# Partial Pressure and Mole Fraction

Mole fraction is the ratio of the number of moles of one component in a mixture to the total number of moles in the mixture. In the case of a mixture of gases, the mole fraction of one particular gas would equal the number of moles of that gas divided by the total number of moles in the mixture.

The mole fraction of gas A in the mixture above would be:

where

*X* = mole fraction

*n* = number of moles

Mole fraction can be used to determine partial pressure of a gas in a mixture of gases. The partial pressure of a gas in a mixture of gases is equal to the total pressure of the mixture times that mole fraction of that particular gas:

where

*P _{gas A}* = partial pressure of gas A

*X _{A}* = mole fraction of gas A

*P _{total}* = total pressure of the mixture of gases

Let’s look at some sample problems.

**Sample Problem**

A mixture of helium (8.00 g) and argon (40.0 g) in a container at 300. K has a total gas pressure of 0.906 atmosphere. What is the partial pressure of helium in the mixture?

We are given the total gas pressure of 0.906. We simply need to multiply this total pressure by the mole fraction of helium to get the partial pressure of helium.

First, we need to convert our masses to moles:

The mole fraction of helium is:

Notice that there are no units associated with mole fraction, because it is a ratio and the unit *mol* cancels out.

The partial pressure of helium is equal to the product of the mole fraction of helium and the total gas pressure:

*The partial pressure of helium in this mixture is 0.604 atm*

**Sample Problem**

A mixture of 4.00 g of O_{2} and 6.00 g of CH_{4} is placed in a 20.0 L vessel at 0 °C. What is the partial pressure of each gas, and what is the total pressure in the vessel?

First, we can convert the 4.00 g of O_{2} and 6.00 g CH_{4} to their respective number of moles by dividing by their molar masses. We can then plug the total number of moles of gases into the Ideal Gas Law to get the total pressure. Once we have the total pressure, we can multiply that by the mole fraction of each gas to get the partial pressure of each gas.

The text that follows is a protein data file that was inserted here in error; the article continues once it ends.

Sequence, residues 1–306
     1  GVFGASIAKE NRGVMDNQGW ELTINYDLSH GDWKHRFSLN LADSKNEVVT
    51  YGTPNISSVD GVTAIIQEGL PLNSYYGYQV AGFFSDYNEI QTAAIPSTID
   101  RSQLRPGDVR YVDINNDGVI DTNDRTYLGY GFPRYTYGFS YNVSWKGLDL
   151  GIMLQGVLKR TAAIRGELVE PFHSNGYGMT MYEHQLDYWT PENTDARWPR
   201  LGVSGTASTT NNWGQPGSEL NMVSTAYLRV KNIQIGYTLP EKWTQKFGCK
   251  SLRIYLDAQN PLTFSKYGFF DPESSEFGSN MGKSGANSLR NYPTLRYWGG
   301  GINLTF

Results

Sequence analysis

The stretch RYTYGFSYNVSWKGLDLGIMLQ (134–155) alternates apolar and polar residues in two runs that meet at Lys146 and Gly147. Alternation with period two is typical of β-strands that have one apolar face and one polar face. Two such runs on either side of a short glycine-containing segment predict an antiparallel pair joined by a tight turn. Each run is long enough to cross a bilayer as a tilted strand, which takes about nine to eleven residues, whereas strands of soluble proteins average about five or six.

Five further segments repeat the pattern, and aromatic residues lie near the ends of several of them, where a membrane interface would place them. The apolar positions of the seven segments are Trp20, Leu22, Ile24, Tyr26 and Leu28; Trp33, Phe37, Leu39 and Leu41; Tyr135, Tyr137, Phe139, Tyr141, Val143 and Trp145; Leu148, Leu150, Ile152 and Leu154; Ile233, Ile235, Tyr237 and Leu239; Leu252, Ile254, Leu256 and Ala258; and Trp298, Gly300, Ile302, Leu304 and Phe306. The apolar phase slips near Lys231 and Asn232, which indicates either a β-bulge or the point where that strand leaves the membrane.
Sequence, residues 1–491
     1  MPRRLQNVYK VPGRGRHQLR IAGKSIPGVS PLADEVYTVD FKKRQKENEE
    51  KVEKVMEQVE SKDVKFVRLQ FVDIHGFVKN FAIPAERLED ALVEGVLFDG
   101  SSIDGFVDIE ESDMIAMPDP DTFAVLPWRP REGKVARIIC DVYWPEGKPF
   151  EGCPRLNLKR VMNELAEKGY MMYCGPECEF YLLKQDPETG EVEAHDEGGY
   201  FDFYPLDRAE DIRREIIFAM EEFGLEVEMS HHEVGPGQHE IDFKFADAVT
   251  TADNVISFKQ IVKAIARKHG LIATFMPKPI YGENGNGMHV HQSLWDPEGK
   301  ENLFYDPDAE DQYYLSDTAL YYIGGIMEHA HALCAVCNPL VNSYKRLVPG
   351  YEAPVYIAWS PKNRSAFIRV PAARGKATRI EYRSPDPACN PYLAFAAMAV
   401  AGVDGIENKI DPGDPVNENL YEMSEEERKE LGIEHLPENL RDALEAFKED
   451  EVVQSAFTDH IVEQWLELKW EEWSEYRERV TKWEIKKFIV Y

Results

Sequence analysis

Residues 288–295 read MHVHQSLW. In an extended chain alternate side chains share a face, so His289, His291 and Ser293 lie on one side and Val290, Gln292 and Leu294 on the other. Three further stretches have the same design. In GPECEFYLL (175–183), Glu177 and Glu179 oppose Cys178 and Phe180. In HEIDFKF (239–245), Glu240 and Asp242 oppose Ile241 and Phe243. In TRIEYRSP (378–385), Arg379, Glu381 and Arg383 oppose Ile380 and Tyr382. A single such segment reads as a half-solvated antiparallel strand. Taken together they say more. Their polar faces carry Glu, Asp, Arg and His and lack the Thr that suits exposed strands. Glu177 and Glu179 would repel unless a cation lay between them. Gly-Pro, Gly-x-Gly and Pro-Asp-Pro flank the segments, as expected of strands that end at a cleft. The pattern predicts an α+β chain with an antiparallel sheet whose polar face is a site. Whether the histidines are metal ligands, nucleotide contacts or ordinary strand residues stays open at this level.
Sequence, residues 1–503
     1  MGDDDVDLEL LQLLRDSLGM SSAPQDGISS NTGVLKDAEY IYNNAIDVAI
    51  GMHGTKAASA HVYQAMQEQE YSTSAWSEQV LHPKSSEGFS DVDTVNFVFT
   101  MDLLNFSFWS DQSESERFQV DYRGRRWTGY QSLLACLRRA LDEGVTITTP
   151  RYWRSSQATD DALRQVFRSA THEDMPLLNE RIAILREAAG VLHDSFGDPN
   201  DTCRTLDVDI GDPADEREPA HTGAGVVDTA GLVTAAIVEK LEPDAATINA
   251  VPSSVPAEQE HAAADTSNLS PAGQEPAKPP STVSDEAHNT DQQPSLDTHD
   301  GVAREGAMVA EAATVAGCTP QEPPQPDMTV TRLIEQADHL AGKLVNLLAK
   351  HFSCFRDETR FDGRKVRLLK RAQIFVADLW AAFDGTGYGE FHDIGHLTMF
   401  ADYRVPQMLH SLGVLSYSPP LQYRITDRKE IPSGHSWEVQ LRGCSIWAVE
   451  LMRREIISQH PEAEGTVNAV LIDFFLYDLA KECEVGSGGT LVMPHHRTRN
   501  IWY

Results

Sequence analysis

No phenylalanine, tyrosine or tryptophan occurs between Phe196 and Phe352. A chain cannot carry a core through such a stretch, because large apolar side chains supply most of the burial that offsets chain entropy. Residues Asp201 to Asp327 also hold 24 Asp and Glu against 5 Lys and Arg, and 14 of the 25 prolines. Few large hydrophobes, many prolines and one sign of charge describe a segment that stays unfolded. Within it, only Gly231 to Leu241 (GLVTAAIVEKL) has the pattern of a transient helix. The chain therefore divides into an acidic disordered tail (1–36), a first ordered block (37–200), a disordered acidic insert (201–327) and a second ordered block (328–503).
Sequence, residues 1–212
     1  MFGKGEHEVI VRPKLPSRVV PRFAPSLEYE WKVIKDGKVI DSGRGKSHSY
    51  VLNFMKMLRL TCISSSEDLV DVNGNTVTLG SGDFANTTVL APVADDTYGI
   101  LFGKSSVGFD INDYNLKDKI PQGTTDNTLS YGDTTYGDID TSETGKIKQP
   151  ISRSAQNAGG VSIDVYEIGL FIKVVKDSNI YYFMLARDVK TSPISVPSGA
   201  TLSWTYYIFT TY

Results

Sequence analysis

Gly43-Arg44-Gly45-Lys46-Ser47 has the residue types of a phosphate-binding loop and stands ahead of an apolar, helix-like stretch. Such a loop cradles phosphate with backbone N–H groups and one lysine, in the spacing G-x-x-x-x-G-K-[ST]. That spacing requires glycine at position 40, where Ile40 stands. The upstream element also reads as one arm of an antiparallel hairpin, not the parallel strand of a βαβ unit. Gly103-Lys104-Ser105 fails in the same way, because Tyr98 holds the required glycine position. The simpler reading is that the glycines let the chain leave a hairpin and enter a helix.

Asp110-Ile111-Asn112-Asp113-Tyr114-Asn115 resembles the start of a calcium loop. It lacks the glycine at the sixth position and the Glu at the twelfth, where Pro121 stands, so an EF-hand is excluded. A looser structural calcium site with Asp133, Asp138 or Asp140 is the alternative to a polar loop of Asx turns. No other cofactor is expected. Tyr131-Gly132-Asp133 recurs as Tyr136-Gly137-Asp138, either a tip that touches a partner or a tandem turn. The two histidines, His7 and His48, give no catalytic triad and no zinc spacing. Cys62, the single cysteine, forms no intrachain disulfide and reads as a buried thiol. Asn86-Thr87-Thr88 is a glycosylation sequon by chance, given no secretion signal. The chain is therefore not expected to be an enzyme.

Converting mass to moles:

The total number of moles of gas in the mixture is the sum of the number of moles of these two gases:

We will plug this value for *n _{total}* into the ideal gas law:

And solve for *P* (which in this case is the total pressure because we we will substitute the total number of moles of gas for *n*).

The problem provided us with the following additional variables:

Given:

*V* = 20.0 L

*T* = 0 °C

We need to convert temperature into Kelvin:

Now we plug our values into the above equation:

The total pressure of the mixture is 0.560 atm. To solve for the partial pressure of each gas, we will multiply this total pressure by the mole fraction of each gas. Recall that mole fraction of one gas in a mixture is equal to the number of moles of that gas in the mixture divided by the total number of moles of gas in the mixture:

The mole fraction of O_{2} would be:

The mole fraction of CH_{4} is:

Notice that the sum of the mole fractions of each gas in the mixture equals 1.

We will now multiply the total pressure obtained above by the mole fraction of each gas to get the partial pressure of each gas.

The sum of the partial pressures of each gas in the mixture should be equal to the total pressure. 0.141 atm + 0.419 atm = 0.560 atm.

*P _{O2} = 0.141 atm, P_{CH4} = .0419 atm*